We got to the airport on Friday to find out that our flight had been cancelled. I'd checked the airline site from Avedon's before leaving and had seen nothing about this! The people in front of us in the queue got the last seats for an earlier flight, so we waited for five hours instead of three to get on the plane to New York. Given the weather conditions on the East Coast, I'm just glad we were only delayed two hours! (Leonard grumble. He was a good sport.) We got home and had long showers (as Leonard called it, "The Mega-Snana"), email and RSS checking on our own computers, and slept in our own bed. Now: homework!
I assume pictures are coming soon but that's Leonard's detail.
# 19 Mar 2007, 02:56PM: The Annoying-Industrial Complex:
Faceless corporations and their renovation/building! Crepe o Chocolat, a fantastic bistro in downtown SF, is hurting for no good reason! The crepes are so good, and Sylvie is one of the acquaintances I miss from SF. Yay for progress and for David Lazarus's muckraking.
# 19 Mar 2007, 03:14PM: Hundreds Of Hours After School In The Comp Lab:
I just explained to a new colleague, with reference to "Oregon Trail", that if his workload goes past steady into strenuous or grueling, he should let me know so I can bear some of it. You can sing "Oregon Trail" to the tune of "Minimum Wage" by They Might Be Giants. Achewood remembers. Where On The Oregon Trail is Carmen Sandiego?
# 20 Mar 2007, 01:13PM: MC Masala Columns on Flesh:
My two most recent MC Masala columns are on food/body topics. On modeling classes and beginning to exercise:
If they let me in, they must have let anyone in; I was like a sparrow taking swimming lessons. Of the fame-seeking little boys and girls in that room, earnestly practicing our cold-reading skills on pages from sitcom and "90210" scripts, how many actually got something out of it? I recall only a vague annoyance at the scattershot training and a miraculously unscathed body image.
On a ruined beet salad, and gaining a palate.
If the restaurant specializes in U.S. or European cuisine, I just check the menu first to make sure it offers more than one vegetarian entree. You see, if there's just one, it might be a token that no one ever orders. (This especially goes for vegetarian omelets. Diner cooks often forget that sticking raw mushrooms and broccoli in the middle of already-cooked eggs doesn't work.) But if a healthy proportion of the menu is meatless or meat-optional, then I know the restaurateur doesn't just conceive of a meal as "hunk of meat surrounded by little sides of starch and color."
# 21 Mar 2007, 11:42AM: Notes From Overachievers:
A wry coda to an essaylet from my colleague Eric:
"So I'm going to be thinking about these concepts. Figure out where I want to be getting results, and therefore what I should be paying attention to. Spend time on self-reflection in order to identify areas of improvement, and then determine how I can use deliberate practice to attack those deficiencies. Of course, the problem is that it requires self-discipline to do all of these things and that's one of the areas of improvement. So we'll see how things go."
And a note from a former federal prosecutor. The Bush Administration really does not grok overachievers. Tracy Flick, Al Gore, Hillary Clinton, what have you. How much of an overachiever do you have to be to make it to that level of play? How much would it burn you, and destroy your loyalty, to see your former bosses malign your competence? Of course they fought back.
# 21 Mar 2007, 12:05PM: Tendencies, Or, The Lives Of Others:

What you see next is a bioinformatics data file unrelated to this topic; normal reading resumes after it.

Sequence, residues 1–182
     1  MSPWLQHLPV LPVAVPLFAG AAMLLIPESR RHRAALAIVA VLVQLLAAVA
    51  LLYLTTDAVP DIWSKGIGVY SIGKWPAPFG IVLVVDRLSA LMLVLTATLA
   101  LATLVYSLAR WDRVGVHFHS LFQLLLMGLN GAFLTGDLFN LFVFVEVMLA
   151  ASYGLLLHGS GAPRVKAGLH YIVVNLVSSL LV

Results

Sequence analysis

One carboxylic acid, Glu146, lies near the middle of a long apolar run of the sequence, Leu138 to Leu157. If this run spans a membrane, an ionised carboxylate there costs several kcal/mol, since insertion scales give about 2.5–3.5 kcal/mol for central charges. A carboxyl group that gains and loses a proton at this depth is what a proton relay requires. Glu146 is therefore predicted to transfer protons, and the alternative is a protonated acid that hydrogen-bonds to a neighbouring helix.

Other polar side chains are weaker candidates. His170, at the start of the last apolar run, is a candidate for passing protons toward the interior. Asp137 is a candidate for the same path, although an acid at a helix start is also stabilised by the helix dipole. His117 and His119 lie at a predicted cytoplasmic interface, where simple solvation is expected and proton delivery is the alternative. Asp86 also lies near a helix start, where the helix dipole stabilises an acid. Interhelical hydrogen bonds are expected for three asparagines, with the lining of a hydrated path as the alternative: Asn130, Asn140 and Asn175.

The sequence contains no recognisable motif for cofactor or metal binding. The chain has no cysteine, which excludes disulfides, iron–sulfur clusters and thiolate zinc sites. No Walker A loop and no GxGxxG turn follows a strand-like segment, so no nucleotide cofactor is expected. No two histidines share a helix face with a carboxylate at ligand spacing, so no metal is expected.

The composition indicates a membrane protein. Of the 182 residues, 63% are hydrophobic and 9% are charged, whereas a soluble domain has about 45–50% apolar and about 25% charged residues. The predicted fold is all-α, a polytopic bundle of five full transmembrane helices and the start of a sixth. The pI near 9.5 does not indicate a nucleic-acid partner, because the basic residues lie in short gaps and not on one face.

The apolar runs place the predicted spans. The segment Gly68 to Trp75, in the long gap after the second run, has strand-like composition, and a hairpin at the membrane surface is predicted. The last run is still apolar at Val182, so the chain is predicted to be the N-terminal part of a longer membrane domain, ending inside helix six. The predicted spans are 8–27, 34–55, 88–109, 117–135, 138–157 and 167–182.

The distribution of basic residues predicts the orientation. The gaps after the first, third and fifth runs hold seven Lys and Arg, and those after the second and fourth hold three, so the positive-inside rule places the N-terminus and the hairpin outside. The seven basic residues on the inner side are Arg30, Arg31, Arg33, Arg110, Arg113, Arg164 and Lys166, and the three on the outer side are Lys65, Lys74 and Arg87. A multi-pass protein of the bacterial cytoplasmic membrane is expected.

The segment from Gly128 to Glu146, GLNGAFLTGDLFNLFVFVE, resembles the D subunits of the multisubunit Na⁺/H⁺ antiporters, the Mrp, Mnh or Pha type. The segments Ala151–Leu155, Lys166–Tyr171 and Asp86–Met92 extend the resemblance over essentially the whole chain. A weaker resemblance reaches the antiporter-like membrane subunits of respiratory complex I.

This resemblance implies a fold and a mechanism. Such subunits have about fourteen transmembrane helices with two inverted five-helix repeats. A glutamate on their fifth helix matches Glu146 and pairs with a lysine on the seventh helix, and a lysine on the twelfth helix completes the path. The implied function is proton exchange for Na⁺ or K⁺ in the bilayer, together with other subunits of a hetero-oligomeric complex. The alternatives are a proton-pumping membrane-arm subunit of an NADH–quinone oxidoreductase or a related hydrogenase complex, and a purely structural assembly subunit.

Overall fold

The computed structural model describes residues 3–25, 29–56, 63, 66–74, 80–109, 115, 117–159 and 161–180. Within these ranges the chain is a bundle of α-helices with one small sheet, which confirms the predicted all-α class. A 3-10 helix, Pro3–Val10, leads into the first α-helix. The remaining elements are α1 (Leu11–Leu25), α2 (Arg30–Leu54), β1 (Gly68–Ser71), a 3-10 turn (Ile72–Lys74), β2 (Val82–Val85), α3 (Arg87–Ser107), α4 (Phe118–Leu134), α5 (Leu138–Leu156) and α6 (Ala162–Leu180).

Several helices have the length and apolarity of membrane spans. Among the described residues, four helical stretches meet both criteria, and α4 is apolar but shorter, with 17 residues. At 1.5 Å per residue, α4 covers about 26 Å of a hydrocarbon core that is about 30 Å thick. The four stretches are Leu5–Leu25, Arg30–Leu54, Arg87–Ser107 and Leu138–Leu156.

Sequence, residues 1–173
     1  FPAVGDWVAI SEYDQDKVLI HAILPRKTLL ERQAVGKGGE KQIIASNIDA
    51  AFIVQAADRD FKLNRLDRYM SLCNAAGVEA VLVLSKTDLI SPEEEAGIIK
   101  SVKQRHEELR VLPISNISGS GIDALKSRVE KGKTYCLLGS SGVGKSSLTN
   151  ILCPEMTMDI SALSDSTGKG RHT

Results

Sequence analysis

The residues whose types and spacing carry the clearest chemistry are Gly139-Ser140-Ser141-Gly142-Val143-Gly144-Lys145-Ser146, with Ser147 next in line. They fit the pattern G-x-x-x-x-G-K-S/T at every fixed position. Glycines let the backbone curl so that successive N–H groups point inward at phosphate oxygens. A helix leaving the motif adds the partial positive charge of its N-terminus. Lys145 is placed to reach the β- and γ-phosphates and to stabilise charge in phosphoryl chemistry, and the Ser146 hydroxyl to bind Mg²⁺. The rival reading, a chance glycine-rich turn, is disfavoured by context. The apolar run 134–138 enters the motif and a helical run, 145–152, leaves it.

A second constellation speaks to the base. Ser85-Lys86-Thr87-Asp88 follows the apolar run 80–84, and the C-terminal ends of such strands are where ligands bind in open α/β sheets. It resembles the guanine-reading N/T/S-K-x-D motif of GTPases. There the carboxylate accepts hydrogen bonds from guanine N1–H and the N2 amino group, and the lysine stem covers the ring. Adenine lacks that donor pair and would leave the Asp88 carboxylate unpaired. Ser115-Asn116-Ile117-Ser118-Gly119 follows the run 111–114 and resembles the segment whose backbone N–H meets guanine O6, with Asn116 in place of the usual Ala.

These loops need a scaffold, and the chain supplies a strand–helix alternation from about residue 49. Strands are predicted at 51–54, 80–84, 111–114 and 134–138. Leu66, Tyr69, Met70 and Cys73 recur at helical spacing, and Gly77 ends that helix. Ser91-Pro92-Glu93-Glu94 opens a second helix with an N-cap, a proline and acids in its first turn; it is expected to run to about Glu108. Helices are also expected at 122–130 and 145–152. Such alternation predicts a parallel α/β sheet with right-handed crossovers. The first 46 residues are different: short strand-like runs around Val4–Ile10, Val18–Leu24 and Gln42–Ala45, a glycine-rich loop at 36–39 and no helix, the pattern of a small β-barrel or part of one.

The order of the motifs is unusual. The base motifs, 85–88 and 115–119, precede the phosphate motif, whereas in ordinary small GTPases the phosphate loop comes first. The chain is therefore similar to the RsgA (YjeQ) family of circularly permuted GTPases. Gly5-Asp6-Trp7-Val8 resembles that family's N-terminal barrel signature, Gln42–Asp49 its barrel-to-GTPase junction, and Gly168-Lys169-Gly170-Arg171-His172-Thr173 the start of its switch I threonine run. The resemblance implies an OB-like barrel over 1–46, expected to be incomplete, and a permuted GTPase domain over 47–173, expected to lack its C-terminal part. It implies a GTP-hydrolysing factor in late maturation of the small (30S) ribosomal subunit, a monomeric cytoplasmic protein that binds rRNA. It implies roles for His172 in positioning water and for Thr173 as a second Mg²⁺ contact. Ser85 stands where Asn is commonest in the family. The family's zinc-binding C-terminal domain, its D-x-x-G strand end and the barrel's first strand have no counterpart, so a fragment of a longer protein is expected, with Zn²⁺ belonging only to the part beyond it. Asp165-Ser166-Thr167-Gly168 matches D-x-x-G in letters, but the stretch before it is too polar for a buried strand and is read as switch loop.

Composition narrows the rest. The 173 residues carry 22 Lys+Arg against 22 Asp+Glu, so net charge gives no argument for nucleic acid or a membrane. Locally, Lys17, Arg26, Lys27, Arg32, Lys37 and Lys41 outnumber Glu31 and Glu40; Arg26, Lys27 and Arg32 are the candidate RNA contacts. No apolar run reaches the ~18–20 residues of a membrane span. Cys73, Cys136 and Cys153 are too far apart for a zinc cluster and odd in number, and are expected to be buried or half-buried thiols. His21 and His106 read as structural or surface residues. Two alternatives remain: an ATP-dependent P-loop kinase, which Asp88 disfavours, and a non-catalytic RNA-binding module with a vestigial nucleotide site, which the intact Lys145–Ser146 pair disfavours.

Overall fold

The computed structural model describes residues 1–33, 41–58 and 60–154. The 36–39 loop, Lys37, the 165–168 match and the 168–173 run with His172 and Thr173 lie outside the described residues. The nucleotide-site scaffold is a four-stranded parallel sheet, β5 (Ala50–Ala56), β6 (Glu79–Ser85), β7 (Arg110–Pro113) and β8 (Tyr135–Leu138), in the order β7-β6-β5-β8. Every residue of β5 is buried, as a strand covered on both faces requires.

I'd like to see that film, The Lives of Others. Maybe it would help remind me of this bit of wisdom, one that's been slipping off me no matter how many times I try to pour it on: "Never judge your inside by anyone else's outside." Garrison Keillor echoes: "We have a backstage view of ourselves and a third-row view of everybody else."
If someone seems together, I won't like them. Once they've showed vulnerability, I can enjoy their company. Preferred: someone who's subtly but bravely struggling with some issue -- personal, job, etc. -- and laughs at my jokes. And whose tastes coincide with my own. If they're more critical than me, I feel defensive, as though I'm trying desperately to manufacture taste on the spot. If they like things I don't, what a terrible snob I feel!
How much does it cost to be a hermit for a year?
# 22 Mar 2007, 09:36AM: What Kind Of Animal?:
Yesterday, talking with a classmate about tricks to discipline ourselves into eating better, I found myself saying: "If your brain can't override your appetites, then you're no better than an animal." Bruce Schneier reminds us that our brain, too, is an animal's brain.
# 25 Mar 2007, 12:47PM: MC Masala on Vice & Tolerance:
Pot, gambling, adultery, what have you. Quotes Daniel Davies.
It gets more obvious when you see political moderates turn into radicals. The cycle of marginalization and radicalization has gotten to Ralph Nader, just as it gets to kids who become martyrs to any cause. Rebels don't conform when you punish them; they rebel harder, especially if they don't have any stake in the stability of their world.
# 25 Mar 2007, 11:45PM: Cursing At The Screen:
Battlestar Galactica made me yell a real curse word at the screen tonight. Not "frack," either. The culprit: not the 60s song, not the revelations of Cylonitude, but the "back in 2008." Noooo! For those of you who actually watched Star Trek: Enterprise, remember the 3rd season finale where the last ten seconds had an alien Nazi reveal? This was like that.
# 26 Mar 2007, 05:03PM: "Deferred Success" = "Failed":
The other day I referred to poop as "the deliverable." More "Performance evaluation euphemisms invading everyday speech (ironically)" from Raymond Chen's blog.
# 27 Mar 2007, 10:40AM: Earworm Alert:
"I'm Downright Amazed At What I Can Destroy With Just A Hammer" by Atom & His Package. Has a faint kinship with the Ben Folds/Shatner version of "Common People."